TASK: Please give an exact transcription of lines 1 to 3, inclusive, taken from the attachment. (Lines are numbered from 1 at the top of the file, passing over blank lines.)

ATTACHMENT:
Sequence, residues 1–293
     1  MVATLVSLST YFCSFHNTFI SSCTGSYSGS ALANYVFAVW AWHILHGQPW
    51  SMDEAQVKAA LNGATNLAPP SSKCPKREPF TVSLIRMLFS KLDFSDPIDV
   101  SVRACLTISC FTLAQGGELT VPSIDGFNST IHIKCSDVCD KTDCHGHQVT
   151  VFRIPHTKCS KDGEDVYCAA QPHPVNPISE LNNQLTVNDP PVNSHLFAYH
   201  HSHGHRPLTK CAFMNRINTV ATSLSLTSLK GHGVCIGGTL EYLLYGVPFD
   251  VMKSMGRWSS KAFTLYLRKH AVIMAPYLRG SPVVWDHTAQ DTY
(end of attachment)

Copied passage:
Sequence, residues 1–293
     1  MVATLVSLST YFCSFHNTFI SSCTGSYSGS ALANYVFAVW AWHILHGQPW
    51  SMDEAQVKAA LNGATNLAPP SSKCPKREPF TVSLIRMLFS KLDFSDPIDV